• The structure of Spotifys API response is much nicer to read and the requests themselves can be customized more easily.
  • Using Apple Musics ISRC search returns sometimes items that arent available anymore (with no other storefronts working either). To get around this issue, one has to first make a request to get the country equivalent, which appears to be exactly the same but has a working link.
  • Apple Musics documentation sucks. Spotifys is very developer-friendly with an integrated web console.
  • Apple Music allows you to get the associated UPC of the album of a song all in one query, which is a big plus. Spotify meanwhile needs an extra request. This is the main reason why my implementation of the autoselect mode relies on string similiarity of the most basic attributes, instead of the more accurate UPC/ISRC combination that I used in Strync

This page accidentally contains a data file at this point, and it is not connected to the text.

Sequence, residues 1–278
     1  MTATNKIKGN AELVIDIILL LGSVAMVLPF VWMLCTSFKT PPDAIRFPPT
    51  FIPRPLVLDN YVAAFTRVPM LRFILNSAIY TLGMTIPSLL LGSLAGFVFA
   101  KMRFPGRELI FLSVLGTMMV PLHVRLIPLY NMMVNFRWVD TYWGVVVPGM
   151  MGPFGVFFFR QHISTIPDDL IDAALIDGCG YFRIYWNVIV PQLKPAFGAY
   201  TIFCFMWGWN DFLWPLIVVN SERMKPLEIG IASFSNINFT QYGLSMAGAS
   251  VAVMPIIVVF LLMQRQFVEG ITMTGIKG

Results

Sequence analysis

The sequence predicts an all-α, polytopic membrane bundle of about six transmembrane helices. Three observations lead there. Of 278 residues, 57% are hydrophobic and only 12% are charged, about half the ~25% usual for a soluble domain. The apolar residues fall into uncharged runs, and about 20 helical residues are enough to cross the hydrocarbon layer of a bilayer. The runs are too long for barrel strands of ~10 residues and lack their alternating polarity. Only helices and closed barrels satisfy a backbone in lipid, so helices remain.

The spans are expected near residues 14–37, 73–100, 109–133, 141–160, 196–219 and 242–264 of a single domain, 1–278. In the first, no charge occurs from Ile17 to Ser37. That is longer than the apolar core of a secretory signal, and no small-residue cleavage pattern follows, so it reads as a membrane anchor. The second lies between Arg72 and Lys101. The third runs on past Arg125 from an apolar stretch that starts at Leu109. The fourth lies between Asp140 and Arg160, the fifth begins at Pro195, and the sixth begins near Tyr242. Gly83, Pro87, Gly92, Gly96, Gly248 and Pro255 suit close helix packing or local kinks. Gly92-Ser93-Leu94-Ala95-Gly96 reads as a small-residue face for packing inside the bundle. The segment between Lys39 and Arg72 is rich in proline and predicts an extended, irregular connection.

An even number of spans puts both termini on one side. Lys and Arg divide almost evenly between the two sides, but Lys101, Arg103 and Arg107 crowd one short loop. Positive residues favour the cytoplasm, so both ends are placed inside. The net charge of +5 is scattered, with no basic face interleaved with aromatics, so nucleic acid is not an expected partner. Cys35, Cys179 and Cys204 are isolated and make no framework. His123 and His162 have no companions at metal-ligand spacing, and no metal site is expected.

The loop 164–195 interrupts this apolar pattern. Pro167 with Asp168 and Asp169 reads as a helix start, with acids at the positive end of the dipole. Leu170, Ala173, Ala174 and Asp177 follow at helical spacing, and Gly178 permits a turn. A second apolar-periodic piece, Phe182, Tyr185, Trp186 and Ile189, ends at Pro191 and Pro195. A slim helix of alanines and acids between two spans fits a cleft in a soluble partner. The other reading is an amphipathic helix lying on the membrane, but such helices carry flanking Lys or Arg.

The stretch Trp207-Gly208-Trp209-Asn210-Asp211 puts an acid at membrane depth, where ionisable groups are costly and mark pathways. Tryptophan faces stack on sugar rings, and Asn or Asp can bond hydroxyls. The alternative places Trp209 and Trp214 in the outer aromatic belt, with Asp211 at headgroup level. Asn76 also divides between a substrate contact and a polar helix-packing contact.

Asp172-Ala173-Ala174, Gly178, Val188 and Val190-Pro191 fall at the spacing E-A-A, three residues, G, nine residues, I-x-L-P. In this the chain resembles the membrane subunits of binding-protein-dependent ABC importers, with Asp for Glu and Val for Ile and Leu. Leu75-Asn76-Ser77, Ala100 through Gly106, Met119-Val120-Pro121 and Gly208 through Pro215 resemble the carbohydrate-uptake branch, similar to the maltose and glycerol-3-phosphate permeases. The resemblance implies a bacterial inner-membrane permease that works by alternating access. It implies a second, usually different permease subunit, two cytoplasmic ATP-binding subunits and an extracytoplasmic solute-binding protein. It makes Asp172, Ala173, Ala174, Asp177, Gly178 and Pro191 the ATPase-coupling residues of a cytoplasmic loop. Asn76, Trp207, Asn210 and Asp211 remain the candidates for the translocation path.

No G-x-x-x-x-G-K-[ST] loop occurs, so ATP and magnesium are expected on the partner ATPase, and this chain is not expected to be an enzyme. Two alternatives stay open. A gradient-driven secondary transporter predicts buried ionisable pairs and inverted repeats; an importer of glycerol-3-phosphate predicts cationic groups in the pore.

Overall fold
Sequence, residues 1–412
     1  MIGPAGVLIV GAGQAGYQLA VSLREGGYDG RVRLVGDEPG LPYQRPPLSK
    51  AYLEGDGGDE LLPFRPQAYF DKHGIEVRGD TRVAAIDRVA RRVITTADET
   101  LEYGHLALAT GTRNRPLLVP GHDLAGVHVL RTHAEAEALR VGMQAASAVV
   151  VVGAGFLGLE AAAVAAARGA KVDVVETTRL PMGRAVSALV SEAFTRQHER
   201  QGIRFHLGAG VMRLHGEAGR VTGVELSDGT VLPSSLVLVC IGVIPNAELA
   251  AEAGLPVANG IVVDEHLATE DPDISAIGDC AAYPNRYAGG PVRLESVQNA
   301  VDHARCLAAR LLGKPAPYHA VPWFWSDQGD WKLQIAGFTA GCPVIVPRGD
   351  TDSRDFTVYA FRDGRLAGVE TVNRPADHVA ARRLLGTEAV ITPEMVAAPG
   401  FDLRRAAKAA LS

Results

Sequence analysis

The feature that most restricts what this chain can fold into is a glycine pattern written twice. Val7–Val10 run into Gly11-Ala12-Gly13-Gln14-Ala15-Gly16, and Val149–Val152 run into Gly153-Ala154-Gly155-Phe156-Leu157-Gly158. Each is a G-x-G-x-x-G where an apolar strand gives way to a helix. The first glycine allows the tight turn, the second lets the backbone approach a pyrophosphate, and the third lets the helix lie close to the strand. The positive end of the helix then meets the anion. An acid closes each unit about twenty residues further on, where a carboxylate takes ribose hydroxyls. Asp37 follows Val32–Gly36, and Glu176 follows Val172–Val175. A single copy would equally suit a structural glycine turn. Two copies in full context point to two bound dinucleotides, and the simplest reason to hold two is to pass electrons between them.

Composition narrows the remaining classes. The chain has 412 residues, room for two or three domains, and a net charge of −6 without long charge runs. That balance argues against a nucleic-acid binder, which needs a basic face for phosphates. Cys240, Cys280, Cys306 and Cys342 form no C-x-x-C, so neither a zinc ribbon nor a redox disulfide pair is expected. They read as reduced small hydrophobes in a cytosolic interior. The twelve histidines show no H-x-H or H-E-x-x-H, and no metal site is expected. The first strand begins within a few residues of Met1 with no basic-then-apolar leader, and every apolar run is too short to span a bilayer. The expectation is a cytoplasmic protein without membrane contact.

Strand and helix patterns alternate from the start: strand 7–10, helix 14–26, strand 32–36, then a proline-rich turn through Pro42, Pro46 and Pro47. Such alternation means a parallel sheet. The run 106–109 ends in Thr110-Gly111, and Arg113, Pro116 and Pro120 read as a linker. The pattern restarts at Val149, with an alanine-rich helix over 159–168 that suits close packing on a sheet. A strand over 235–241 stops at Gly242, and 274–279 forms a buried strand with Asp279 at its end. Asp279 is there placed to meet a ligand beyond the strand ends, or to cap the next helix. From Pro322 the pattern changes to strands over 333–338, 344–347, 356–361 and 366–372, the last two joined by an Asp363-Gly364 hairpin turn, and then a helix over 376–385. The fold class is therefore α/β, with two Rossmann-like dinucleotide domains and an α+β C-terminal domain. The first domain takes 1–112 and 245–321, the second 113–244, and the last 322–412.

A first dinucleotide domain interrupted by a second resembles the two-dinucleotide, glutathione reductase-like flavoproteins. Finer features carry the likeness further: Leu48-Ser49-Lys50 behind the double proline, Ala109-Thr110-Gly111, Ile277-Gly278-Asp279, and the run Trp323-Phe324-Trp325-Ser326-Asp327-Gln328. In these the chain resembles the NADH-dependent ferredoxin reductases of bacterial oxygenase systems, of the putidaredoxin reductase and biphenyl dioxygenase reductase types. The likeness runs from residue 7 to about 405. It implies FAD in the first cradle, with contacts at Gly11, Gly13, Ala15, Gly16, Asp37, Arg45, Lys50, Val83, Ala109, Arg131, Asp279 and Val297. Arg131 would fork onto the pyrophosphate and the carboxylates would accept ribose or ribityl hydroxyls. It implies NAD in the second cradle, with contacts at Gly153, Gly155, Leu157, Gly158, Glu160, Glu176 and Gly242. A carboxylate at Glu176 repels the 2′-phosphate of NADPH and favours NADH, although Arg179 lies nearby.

• AM has the huge advantage of noting the release date of any song once queried, instead of just for an album, which can come in very handy when querying compilations.
  • The playlist description field of an Apple Music playlist can have at least 2500 lines, though it doesn't show it in in the Desktop app. In the browser, up to 5000 lines get shown. The hard limit for characters meanwhile appears to be around 250000.
  • Apple Music cannot delete or manipulate playlists in any way, which is a bummer. Spotify can even move the index of a song around in a playlist.
  • Most of the time, Spotify gets the right/original release of a song right. That is, it's displayed as the top result doing a search.
  • Overall, AM's metadata seems to be slightly more accurate, while Spotify has more original releases.


Distributed under the MIT License. See LICENSE.txt for more information.


[^1]: Users of Apple Music should take notice that if you already have the item in your iCloud music library (with a status of matched), creating a playlist with the track will not honor your choice of release, i.e., Apple Music will identify the track as a duplicate and merge it with the one in your library. [^2]: In many cases, song get uploaded when the equivalent song on Apple Music is an iTunes Digital Master, which will differ from the audio file of other streaming services.